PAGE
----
When my grandmother would tell a story involving a black person, no matter how insignificant the person or their color was to the story, she would always mentioned the “colored” person. For example, telling me a story about how she bought string beans for a casserole, she would drop in that the cashier was a “colored girl”… even though the actual action of paying for the string beans had absolutely nothing to do with the story, and the cashier certainly didn’t. It wasn’t snide. She honestly believed that it was crucial to the casserole story that I know her cashier was “a colored person”.
It became a running joke between my husband and me until she passed away. The thing is, had it not been my grandmother, I likely would have been appalled. Instead it was just one of those quirks that made her who she was. Her “colored man” drop ins were like a souvenir from growing up in the ’30s and ’40s. That’s how things were then.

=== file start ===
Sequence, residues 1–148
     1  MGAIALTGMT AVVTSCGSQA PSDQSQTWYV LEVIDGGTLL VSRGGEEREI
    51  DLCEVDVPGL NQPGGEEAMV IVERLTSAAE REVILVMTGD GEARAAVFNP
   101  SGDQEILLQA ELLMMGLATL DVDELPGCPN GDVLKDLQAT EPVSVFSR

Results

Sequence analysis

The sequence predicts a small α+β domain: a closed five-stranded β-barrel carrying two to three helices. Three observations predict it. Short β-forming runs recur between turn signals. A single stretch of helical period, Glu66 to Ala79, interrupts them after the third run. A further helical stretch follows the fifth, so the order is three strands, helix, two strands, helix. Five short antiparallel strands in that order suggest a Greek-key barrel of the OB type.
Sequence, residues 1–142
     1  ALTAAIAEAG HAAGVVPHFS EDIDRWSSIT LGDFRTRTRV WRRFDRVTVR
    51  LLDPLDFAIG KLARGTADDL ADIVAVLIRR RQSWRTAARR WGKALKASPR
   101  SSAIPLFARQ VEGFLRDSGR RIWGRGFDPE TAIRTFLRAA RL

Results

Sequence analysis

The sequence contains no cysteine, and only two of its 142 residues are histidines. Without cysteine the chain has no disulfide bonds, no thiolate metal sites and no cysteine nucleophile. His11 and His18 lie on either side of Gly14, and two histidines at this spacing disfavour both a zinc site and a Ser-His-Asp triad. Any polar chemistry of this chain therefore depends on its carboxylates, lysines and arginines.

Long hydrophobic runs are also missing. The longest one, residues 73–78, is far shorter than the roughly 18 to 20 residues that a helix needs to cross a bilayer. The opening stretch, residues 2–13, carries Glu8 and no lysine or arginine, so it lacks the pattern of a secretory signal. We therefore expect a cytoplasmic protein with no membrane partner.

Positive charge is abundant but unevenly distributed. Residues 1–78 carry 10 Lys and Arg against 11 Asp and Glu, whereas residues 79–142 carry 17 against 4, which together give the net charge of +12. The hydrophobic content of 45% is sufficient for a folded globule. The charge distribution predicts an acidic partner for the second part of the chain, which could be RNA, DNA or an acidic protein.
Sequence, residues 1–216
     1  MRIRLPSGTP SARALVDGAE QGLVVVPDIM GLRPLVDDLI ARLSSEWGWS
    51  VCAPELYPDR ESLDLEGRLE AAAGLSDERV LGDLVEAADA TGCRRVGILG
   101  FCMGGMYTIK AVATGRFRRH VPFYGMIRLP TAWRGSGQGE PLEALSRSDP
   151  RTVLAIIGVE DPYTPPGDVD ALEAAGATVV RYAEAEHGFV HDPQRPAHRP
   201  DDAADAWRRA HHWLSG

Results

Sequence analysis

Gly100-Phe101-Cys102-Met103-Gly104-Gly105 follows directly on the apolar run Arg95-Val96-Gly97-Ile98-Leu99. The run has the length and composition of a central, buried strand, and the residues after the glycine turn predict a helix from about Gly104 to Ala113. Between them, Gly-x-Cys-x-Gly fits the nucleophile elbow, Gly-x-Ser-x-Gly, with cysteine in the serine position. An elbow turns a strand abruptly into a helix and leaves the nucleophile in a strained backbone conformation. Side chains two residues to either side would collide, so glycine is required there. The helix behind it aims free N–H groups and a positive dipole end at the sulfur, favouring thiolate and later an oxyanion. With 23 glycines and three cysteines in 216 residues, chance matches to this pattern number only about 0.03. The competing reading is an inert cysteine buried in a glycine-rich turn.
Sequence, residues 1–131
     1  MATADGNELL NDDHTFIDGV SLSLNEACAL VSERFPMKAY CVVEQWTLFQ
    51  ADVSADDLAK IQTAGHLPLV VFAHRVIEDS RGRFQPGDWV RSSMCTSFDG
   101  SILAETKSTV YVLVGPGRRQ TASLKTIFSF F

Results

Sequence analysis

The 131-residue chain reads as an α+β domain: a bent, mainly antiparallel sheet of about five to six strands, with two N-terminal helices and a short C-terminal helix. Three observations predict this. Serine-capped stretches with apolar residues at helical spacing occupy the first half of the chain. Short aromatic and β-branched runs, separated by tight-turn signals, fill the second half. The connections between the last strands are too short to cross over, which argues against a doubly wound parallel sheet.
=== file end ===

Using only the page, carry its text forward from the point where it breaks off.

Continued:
My MIL, whom I’m quite fond of, if you remember, insists that she’s right about things because “that’s what I was taught”. In her mind, what she was taught is the truth, and you don’t question it because… I don’t know… you just don’t… because you were taught it.
As skeptics, we shun the default. But should we give passes to people who believe things because “that’s how they were raised”? Is that an excuse for racism or distrust of science? What are things that we’ve grown up with that our kids and grandkids might be shocked or appalled at?
The Afternoon Inquisition (or AI) is a question posed to you, the Skepchick community. Look for it to appear daily at 3pm ET.